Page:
Tenants with a valid lease are entitled to quiet enjoyment of the property, whether their tenancies are rent regulated or "free market." If a neighbor's activities are a continual source of agitating amounts of noise for excessive periods of time, the landlord has an obligation to remedy the problem. You should make your complaint in writing, specifying the nature of the disturbance, times of occurrence, and duration. These situations become somewhat more complicated when you are renting in a co-op or condo. For example, in a rental unit the lease may require you to carpet 80% of the floor area. But let's say the neighbor above you has hardwood floors and no such lease provision. In that instance, your landlord may not be able to do anything about children running back and forth all day and creating a commotion. In this or any situation involving ongoing, unreasonable levels of noise, you can ask the landlord to reduce the rent due to the diminished value of the premises. You'll probably have to retain a Tenants' lawyer and sue to get that abatement. If you go to Housing Court, you'll be on the blacklist even if you win, so it may be better to move. Your attorney can help negotiate an early termination of the lease, which is sometimes the best option.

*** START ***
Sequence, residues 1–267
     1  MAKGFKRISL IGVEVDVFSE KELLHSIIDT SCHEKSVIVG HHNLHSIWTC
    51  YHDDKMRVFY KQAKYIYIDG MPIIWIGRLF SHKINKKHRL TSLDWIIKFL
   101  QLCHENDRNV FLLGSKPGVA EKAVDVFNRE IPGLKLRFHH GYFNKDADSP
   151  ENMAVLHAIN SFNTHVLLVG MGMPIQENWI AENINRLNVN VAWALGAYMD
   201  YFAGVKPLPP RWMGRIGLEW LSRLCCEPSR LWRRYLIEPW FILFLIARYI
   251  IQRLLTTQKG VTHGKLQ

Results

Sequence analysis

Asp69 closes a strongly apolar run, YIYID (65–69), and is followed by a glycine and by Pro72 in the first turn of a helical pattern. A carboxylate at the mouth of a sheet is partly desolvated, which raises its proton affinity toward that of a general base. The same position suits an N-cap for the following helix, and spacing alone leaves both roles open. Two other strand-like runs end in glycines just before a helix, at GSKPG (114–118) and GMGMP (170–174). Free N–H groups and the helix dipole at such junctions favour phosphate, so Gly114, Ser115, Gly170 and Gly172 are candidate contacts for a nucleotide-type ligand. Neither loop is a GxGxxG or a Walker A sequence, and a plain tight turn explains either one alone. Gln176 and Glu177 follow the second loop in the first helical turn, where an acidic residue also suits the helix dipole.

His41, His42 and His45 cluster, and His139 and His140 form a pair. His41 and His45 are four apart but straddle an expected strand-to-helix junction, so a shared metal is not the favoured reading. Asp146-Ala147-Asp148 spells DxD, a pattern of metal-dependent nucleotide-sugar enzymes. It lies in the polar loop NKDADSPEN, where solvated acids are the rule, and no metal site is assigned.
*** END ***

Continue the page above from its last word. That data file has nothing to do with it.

A landlord is supposed to provide secure locks to your apartment when you move in. That means changing the locks from the previous rental, and giving you a new set of keys. If the landlord fails to change the locks and your apartment is burglarized, you can sue for damages. You'll have to prove it caused the theft and establish the value of the stolen property. The problem is that if you sue, and your lease is unregulated, the landlord is not likely to renew it. You may be able to defend against eviction by claiming the non-renewal is retaliation for asserting your rights, but then you will be involved in two lawsuits. Depending on the language in your lease and how a judge rules, you may not get reimbursement of your legal fees. A better solution is to ask the landlord if you can add your own locks, and supply the building's management with a set of keys, if they require it.
If you intend to sublet your apartment in New York City and you are the prime tenant, which means the rent is paid in your name, there's a multitude of important factors to consider. To ignore even one of them is to ask for trouble. The most critical point to keep in mind on any sublet transaction, whether your apartment is rent-regulated or a free market unit, is that you remain liable for most actions of the subtenants. This is the case even when you have the landlord's permission to sublet. That being said, two problems occur frequently: